Reading To Young Children Improves Language And Cognitive Development
An infant's brain structure is not genetically determined. Early experiences have a decisive impact on the architecture of the baby's brain. Mothers who begin reading to their children at a very early age have toddlers with greater language comprehension, larger, more expressive vocabularies and higher cognitive scores by the age of two.
A study at Rhode Island Hospital compared two groups of eight month olds – one group was read to often as babies, while the other was not. Those who were read to had their “receptive” vocabularies (number of words they understand) increase 40 per cent since babyhood, while the non-reading group increased by only 16 per cent.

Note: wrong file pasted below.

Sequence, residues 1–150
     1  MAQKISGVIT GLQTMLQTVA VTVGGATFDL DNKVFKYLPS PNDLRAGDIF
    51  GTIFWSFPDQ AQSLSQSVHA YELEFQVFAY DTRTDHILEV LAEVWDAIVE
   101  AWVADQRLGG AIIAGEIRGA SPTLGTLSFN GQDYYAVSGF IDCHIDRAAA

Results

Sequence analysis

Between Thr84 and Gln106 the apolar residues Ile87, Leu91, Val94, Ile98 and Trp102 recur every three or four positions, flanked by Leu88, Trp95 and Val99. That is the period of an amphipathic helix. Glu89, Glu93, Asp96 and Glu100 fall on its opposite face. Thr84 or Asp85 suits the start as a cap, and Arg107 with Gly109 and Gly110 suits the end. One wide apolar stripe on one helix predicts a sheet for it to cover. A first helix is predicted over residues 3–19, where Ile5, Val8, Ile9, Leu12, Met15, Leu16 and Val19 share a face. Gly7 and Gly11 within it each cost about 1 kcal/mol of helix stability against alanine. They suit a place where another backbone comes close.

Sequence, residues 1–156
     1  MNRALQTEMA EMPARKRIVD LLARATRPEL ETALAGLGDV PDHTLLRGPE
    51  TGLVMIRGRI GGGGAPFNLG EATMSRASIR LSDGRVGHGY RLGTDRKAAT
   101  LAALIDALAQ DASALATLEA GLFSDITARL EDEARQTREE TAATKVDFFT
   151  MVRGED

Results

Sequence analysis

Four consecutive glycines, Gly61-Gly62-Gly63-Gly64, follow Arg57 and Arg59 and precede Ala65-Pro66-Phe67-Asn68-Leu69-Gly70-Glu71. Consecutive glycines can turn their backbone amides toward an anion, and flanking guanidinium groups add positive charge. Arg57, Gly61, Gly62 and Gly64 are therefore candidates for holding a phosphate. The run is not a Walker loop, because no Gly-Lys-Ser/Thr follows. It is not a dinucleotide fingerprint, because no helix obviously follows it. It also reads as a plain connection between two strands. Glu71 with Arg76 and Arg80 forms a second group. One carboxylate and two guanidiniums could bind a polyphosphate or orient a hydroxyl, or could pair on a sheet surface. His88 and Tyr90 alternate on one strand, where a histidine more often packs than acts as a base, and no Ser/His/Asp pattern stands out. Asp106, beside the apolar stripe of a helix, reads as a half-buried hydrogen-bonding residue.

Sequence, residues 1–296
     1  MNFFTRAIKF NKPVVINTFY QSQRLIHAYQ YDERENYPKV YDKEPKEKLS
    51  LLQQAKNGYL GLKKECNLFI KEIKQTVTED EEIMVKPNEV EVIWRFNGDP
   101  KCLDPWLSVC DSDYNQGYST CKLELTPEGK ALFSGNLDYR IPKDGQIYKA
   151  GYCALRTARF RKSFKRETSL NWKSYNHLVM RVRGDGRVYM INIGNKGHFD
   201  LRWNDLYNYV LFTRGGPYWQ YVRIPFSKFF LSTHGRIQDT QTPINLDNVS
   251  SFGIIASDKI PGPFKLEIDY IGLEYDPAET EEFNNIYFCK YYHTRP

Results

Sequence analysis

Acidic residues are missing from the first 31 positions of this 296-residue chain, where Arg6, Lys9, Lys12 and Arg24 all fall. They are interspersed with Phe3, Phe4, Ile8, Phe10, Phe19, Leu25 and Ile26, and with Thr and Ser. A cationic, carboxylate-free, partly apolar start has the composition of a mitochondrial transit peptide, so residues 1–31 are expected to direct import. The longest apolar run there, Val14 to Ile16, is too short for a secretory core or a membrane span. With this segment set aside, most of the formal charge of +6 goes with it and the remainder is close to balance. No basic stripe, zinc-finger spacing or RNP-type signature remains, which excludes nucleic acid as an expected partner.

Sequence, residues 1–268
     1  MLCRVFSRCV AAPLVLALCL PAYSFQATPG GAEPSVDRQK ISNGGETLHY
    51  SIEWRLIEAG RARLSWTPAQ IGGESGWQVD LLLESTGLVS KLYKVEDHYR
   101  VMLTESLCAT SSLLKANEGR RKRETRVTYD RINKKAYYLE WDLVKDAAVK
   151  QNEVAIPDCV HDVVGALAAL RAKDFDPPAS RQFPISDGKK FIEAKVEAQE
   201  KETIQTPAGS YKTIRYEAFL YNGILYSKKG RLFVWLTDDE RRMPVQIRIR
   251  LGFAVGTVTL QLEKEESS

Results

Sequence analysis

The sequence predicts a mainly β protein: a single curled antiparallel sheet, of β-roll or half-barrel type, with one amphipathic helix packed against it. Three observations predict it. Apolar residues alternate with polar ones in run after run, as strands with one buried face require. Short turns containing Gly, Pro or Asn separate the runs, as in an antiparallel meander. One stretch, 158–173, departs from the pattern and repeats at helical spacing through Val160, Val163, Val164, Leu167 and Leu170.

According to a 1985 study by the National Commission on Reading, “reading aloud to children is the single most important intervention for developing their literacy skills”.
The American Academy Of Pediatrics Recommends Daily Reading To Children From Six Months Of Age
Listening to these stories will enhance their vocabularies and help them use longer sentences, while increasing their attention span and ability to focus on what is being said.
When you play these stories to your child, you are building the pathways in their brains needed for successful reading experiences.
When you play these stories you are starting your child on the road to success!